Myst Online: Uru Live
|Myst Online: Uru Live|
Logo of Myst Online
Cyan Worlds (2004-2007: Until Uru)
Cyan Worlds (2010-present)
|Engine||Plasma Engine; PhysX|
February 15, 2007
(Discontinued February 4, 2008)
(Service ended April 10, 2008)
February 8, 2010
|Genre(s)||First-person adventure/third-person adventure, puzzle|
Myst Online: Uru Live is an open source massively multiplayer online adventure game developed by Cyan Worlds. The game is the multiplayer component to the 2003 video game Uru: Ages Beyond Myst. Like Uru, Myst Online takes place in 2000's New Mexico, where an ancient civilization known as the D'ni once thrived. The D'ni had the ability to create portals to other worlds or Ages by writing descriptive books of the Age. Players uncover clues and solve puzzles together; plot developments were added via episodic content updates.
Uru 's multiplayer segment was delayed and did not ship with the single-player component as planned; in February 2004 the multiplayer was scrapped entirely. Dedicated fans kept an unsupported version of the game alive through Cyan-maintained servers. Online game distributor GameTap resurrected the game as Myst Online in 2007, but this version was canceled due to a lack of subscribers despite generally positive reviews. Cyan received the rights to Myst Online from GameTap and announced its intention to bring the game back.
In 2010, Cyan Worlds released the game free of charge, under the name MO:ULagain. It is currently hosted on Cyan-maintained servers.
|This section needs additional citations for verification. (September 2014)|
Myst Online 's gameplay is a massively multiplayer online game, where players interact with others to solve puzzles and advance the story. Players communicate with others using a "Ki", an artifact which provides a special interface. Each player has their own personal Age, called Relto; unlike in public areas, each player's Relto is different depending on the player's tastes. In public areas, any action a player takes is persistent and remains part of that world — kick a stone in one player's game, for instance, and the stone will be moved when any other player enters the area.
Myst Online takes place in fictitious caverns below Earth's surface. Thousands of years ago, a race known as the D'ni practiced a craft known as The Art. By writing special books describing a location, the D'ni created a link to that world. The D'ni had their own number system and language distinct from the humans dwelling above them. According to the story, though the D'ni society crumbled (shortly after their first contact with a human who found her way down from the surface, and whose presence triggered a cultural collapse), archeologists much later discovered the caverns and teamed with a development studio (Cyan Worlds) to produce educational video games based on their findings; thus, the story in the Myst games is canonically findings from the caverns. New content and additions to the story were revealed through "episodes".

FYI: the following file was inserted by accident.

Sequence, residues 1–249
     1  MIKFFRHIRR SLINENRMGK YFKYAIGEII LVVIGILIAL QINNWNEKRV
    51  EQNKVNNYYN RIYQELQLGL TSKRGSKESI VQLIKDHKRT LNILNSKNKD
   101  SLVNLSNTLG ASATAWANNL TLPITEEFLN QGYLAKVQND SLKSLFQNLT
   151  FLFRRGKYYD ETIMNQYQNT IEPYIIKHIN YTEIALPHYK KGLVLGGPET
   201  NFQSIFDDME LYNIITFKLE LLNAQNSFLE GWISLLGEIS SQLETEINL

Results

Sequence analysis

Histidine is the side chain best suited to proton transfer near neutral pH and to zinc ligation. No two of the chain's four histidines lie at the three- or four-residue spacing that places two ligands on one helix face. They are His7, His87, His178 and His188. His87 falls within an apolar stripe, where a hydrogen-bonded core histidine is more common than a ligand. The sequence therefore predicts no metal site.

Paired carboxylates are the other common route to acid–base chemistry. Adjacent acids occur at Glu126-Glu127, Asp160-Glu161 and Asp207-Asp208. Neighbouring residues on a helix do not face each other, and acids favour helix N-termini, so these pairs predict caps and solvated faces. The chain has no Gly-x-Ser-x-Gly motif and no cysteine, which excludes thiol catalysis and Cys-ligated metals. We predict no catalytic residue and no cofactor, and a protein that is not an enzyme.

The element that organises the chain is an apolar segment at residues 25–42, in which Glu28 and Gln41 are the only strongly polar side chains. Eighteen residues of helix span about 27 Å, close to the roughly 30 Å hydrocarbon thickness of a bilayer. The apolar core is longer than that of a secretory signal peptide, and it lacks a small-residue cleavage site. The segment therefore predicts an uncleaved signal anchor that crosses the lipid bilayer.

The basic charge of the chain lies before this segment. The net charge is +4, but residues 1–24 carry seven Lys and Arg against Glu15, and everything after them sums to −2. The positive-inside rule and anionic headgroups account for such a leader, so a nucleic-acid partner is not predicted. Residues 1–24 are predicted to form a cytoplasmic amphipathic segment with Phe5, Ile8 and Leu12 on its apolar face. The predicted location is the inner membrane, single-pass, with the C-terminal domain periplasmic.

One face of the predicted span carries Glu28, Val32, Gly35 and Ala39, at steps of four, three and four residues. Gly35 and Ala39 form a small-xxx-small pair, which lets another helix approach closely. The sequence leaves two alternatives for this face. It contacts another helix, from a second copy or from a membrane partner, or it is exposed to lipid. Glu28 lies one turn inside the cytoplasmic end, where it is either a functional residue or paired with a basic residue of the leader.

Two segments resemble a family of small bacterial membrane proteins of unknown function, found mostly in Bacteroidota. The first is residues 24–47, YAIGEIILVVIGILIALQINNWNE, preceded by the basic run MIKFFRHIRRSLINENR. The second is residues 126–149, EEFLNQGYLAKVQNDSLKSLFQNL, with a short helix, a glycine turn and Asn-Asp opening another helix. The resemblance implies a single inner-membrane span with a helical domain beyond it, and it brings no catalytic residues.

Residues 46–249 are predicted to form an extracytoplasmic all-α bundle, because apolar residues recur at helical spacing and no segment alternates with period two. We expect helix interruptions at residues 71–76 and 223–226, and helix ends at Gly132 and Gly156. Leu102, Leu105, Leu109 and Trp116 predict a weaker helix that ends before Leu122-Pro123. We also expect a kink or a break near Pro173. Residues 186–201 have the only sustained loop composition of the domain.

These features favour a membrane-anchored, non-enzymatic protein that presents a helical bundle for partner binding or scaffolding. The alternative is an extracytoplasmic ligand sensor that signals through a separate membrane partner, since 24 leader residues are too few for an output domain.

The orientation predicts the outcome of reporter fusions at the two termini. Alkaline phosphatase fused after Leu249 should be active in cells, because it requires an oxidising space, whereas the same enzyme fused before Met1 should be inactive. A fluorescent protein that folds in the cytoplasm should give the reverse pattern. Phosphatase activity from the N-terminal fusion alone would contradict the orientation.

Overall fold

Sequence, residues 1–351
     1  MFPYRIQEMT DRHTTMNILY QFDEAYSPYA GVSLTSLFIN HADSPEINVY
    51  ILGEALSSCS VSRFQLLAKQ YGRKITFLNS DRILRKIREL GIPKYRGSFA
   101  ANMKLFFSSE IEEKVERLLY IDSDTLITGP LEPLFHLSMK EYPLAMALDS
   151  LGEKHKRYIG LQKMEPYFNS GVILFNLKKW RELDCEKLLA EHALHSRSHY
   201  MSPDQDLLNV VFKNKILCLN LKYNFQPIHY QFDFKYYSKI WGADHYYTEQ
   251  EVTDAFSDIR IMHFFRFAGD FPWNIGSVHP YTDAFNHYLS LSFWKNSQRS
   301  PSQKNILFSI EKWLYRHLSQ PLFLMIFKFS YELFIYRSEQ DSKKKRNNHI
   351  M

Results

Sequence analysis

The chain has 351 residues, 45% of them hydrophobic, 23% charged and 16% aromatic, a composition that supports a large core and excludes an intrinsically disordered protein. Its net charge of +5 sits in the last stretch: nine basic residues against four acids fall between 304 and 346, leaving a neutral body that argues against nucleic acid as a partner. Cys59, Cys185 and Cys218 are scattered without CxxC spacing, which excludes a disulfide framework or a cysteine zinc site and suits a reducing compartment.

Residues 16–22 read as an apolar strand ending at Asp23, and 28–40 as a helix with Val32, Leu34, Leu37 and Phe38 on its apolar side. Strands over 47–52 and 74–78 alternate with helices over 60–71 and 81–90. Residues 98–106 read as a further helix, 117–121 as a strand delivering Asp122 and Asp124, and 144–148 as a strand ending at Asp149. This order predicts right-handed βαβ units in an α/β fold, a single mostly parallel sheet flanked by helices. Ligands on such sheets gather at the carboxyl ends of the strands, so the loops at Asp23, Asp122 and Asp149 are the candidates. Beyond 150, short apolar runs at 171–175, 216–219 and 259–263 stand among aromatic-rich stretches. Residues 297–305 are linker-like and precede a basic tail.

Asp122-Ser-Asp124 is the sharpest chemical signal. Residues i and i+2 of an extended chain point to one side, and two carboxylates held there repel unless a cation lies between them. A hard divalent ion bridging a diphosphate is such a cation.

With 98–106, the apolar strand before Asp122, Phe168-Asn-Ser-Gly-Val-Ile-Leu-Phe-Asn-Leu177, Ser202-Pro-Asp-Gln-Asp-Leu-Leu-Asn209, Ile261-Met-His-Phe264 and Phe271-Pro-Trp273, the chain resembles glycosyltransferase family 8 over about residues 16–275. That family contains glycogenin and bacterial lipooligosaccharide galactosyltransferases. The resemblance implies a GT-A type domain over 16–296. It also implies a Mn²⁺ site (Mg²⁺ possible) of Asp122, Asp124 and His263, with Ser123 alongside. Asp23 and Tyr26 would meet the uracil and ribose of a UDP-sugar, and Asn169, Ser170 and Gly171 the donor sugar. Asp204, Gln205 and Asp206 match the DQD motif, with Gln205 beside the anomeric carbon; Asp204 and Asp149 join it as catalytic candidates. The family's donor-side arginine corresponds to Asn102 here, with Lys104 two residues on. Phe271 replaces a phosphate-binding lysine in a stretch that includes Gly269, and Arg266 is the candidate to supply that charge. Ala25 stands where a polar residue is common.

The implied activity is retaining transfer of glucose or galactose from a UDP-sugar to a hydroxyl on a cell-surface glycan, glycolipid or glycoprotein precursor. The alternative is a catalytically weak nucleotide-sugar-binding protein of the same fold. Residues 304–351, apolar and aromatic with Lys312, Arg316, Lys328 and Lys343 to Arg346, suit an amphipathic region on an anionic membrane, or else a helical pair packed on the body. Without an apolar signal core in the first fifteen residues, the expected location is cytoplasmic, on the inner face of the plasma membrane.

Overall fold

After completing Riven—the sequel to the bestselling Myst—in 1997, developer Rand Miller and his company, Cyan Worlds, began development of what would become Uru: Ages Beyond Myst. Initially, the game was to have been called Myst Online and have been a multiplayer-only title, but game publisher Ubisoft pushed for a single-player dimension. The online component, branding Uru Live, did not ship with Ages Beyond Myst; in 2004, Uru Live was suspended entirely. In 2006, Cyan developed a stand-in for Uru Live, called Until Uru; this replacement was hosted by players in servers known as "shards", and did not have content updates or official support.
On May 9, 2006, Cyan Worlds and GameTap announced at the Electronic Entertainment Expo that Myst Online: Uru Live would be returning in the holiday season of 2006. The GameTap version did not require any physical purchase: all the game content was downloaded through GameTap, which was subscribed to for a monthly fee. A major reason for the resurrection of the game was the fan support. According to GameTap's vice president of content Ricardo Sanchez, "One of the reasons [GameTap was] so attracted to Uru Live is that it had this persistent group that kept it alive during the dark days of it not being a product." Closed public beta testing of Myst Online: Uru Live began in August 2006. A period of semi-open beta testing lasted from December 12 to December 18, 2006, with an open beta beginning on December 20. On January 18, 2007, it was announced that a Macintosh port of the game was being developed by TransGaming; a beta became available soon after. This coincided with the release of the first new Age, Eder Delin. GameTap brought Myst Online: Uru Live online in February 2007. On May 19, 2007, Myst Online made the move to episodic content releases, with each episode adding new Ages, puzzles, and a plot continuation. It was also released for Mac OS X, the first GameTap game for the platform.
In February 2008, GameTap announced that Myst Online was canceled. Sanchez released a statement that "The decision was a very difficult one and was made for business reasons rather than due to any issues regarding the design and vision of the amazing world that Cyan Worlds and Rand Miller have brought to us. Despite the great Myst Online experience coming to a close, Cyan is still a very valued partner of GameTap, we are on excellent terms, and we look forward to continuing our relationship in the future."